Manila, Philippines - The Association of Southeast Asian Nations (Asean) remains in good shape and offers “great opportunities” for growth over the next few years, Asian Development Bank (ADB) chief economist Changyong Rhee said.
He said the Asean nations can compete with the continent’s powerhouses like mainland China and India for economic growth.
“There are great opportunities in the areas of trade, financing and people movement,” Rhee said in a press briefing yesterday.
The Asean groups Brunei Darussalam, Cambodia, Indonesia, Laos, Malaysia, Myanmar, Singapore, Thailand, Vietnam and the Philippines.
Rhee said these opportunities arose from the weakening of the developed nations, particularly in the euro zone and the United States, and the “softening” of the Asian majors such as mainland China, India and Hong Kong.
He said the sustained strong growth of China in the past few years has made it unattractive to foreign investments due to higher production and labor costs, putting Asean into the radar screen of foreign investors and locators.
The opportunities include capturing the coastal production sites and foreign investments that are looking for options outside of China, the ADB economist said.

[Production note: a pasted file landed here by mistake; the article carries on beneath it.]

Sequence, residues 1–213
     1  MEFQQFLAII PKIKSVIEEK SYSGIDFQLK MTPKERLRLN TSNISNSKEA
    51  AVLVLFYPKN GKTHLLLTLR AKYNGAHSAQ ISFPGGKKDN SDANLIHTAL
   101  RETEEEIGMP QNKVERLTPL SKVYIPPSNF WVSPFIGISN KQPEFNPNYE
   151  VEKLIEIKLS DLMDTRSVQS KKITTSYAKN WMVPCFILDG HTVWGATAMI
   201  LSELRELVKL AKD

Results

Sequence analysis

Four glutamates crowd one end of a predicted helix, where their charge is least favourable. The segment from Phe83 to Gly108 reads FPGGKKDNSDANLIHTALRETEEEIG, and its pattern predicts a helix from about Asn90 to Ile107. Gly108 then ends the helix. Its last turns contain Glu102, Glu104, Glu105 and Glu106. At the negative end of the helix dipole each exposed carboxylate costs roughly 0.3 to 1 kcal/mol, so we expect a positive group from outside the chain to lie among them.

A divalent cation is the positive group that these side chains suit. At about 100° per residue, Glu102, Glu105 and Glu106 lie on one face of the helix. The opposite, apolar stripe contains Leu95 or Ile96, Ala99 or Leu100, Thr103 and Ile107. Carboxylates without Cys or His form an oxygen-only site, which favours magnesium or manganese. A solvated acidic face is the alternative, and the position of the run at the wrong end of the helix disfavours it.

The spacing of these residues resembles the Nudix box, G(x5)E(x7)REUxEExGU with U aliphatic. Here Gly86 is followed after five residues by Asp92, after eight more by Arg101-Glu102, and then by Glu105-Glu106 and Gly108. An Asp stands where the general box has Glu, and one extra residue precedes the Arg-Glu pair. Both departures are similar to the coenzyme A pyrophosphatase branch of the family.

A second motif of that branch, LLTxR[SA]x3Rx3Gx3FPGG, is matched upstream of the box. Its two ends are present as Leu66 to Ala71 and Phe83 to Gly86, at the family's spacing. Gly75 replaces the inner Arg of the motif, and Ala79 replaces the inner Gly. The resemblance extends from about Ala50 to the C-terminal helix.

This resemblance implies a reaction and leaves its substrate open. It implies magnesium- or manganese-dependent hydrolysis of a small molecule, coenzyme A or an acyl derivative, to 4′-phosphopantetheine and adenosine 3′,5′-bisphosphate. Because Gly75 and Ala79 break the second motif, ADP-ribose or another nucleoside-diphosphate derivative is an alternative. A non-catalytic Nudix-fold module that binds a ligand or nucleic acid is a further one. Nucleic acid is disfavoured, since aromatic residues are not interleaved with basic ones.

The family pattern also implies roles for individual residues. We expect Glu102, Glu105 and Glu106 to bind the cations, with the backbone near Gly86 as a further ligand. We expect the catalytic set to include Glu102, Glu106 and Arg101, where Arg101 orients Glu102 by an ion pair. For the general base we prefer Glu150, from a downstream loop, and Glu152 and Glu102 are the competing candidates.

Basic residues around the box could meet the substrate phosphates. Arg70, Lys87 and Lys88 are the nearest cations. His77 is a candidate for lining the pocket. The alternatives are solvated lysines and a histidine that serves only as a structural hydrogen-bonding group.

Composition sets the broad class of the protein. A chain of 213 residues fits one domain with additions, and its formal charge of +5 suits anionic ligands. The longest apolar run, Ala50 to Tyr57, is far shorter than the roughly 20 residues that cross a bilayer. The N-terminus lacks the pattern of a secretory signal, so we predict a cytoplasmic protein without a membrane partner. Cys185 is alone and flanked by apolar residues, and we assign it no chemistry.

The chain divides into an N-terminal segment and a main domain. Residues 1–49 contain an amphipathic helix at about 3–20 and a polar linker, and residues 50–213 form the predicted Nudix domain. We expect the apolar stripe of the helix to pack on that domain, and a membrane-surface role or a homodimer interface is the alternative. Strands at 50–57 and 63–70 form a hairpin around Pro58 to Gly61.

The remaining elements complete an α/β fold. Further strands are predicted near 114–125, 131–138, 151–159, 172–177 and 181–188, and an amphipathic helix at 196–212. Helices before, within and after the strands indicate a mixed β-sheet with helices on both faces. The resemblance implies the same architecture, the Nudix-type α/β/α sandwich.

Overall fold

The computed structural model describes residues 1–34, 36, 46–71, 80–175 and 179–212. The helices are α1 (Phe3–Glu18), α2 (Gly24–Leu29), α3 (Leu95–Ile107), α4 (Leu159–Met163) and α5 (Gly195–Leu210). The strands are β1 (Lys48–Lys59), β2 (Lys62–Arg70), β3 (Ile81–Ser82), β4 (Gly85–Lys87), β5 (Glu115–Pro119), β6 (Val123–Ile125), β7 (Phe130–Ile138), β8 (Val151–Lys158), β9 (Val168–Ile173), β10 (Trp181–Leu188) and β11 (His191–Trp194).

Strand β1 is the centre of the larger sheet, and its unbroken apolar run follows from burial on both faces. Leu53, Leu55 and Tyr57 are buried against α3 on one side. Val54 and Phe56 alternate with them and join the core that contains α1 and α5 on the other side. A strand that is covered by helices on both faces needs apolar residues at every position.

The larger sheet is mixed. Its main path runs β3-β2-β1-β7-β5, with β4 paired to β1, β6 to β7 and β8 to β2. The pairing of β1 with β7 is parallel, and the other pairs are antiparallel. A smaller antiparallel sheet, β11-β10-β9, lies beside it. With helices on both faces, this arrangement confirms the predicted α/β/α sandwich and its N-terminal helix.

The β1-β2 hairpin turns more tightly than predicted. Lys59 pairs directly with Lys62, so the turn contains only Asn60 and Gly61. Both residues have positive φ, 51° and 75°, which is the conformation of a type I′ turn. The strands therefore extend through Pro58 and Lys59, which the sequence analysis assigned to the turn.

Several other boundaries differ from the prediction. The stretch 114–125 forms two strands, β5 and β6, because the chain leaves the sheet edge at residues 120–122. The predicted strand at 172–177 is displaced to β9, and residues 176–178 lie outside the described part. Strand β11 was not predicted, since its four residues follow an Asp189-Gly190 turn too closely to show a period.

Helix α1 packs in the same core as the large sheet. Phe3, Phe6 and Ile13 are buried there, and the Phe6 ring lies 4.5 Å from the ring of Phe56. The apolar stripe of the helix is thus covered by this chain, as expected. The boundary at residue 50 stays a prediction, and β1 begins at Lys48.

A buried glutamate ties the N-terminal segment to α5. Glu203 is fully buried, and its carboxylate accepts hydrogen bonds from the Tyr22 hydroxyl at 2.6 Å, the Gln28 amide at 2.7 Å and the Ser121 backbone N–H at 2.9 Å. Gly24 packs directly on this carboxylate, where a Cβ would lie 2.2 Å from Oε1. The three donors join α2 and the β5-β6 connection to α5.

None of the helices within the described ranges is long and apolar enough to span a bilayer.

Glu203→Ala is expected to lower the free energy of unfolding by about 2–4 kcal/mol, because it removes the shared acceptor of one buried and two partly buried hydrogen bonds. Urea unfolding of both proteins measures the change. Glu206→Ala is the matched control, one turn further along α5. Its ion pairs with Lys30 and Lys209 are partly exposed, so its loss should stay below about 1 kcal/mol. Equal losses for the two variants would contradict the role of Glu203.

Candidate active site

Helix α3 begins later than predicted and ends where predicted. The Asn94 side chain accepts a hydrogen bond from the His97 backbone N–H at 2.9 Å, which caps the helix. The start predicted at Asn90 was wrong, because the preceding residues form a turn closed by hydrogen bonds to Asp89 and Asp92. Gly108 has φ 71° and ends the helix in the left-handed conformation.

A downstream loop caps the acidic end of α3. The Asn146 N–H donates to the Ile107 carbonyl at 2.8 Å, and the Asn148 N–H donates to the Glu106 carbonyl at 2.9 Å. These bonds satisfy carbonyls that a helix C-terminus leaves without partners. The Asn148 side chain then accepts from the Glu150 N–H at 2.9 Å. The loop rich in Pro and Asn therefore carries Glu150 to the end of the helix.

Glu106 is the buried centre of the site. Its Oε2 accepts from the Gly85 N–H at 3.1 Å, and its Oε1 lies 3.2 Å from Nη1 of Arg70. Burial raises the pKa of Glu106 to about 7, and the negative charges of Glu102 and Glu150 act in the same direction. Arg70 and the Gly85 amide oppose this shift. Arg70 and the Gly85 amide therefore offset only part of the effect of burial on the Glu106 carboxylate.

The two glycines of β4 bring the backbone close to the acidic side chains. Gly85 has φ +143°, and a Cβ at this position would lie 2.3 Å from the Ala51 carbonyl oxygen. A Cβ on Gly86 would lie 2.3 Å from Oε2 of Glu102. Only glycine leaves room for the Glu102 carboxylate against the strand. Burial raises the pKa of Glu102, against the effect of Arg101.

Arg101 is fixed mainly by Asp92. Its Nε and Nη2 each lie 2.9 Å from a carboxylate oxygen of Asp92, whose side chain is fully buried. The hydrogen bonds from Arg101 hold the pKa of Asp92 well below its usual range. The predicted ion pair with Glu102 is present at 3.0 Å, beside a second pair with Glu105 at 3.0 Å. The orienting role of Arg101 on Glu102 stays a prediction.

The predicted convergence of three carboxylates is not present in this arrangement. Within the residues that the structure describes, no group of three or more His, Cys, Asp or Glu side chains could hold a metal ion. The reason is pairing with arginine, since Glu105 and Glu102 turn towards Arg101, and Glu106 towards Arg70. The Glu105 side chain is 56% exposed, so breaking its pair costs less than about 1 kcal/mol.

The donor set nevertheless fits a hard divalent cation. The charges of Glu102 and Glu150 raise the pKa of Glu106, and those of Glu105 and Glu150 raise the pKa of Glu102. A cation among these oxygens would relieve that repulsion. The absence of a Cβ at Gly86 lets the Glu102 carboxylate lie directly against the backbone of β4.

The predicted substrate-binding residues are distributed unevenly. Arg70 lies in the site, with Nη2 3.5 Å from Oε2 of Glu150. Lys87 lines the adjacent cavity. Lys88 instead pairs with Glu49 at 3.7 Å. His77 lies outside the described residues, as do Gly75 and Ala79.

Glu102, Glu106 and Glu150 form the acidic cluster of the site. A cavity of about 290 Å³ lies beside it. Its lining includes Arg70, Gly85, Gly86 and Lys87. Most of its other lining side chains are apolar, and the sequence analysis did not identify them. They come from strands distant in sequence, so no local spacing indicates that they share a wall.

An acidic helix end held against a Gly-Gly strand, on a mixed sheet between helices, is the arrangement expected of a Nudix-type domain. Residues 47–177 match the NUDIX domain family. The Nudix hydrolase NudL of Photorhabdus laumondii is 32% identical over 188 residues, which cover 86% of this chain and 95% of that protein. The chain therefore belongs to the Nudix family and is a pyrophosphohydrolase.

The ADB consistently had been urging nations like the Philippines to make itself attractive to foreign investors and locators looking for alternatives outside China.
ADB country director for the Philippines Neeraj Jain said the country can experience greater economic growth if it can attract more foreign investors and locators with emphasis on labor-intensive activities.
Jain said that sustainable growth for the country must go beyond the billions of dollars from remittances of overseas Filipinos and the business process outsourcing (BPO) sector.
The full implementation of the Asean Free Trade Agreement (AFTA) by 2015 will also increase intra-regional and inter-regional trade, he added.
Tariff liberalization started in 2010 leading to full tariff reduction and liberalization by 2015.
Last year, the average intra-tariff rate for the Asean-6 countries was reduced to 0.05 percent from 3.64 percent in 2000. The six nations are founding members Brunei, Indonesia, Malaysia, Singapore, Thailand and the Philippines.
Intra-Asean trade grew over 33 percent in 2010, or from $1.5 trillion in 2009 to $2 trillion. The Philippines alone reported a 30-percent growth in intra-Asean trade in the same period.
Also working in favor of strong growth in Asia is the crisis resolutions and prevention mechanisms being put in place by regional leaders as well as multilateral agencies such as the ADB and the International Monetary Fund (IMF).
Meanwhile, Rhee said that they have not changed its outlook for Asia and the Philippines.
The ADB forecast that the region would grow by 6.9 percent this year, and 4.8 percent for the Philippines. “There is no pressing reason for us to change our original forecasts despite the uncertainties caused by the debt crisis in the euroe zone,” he said.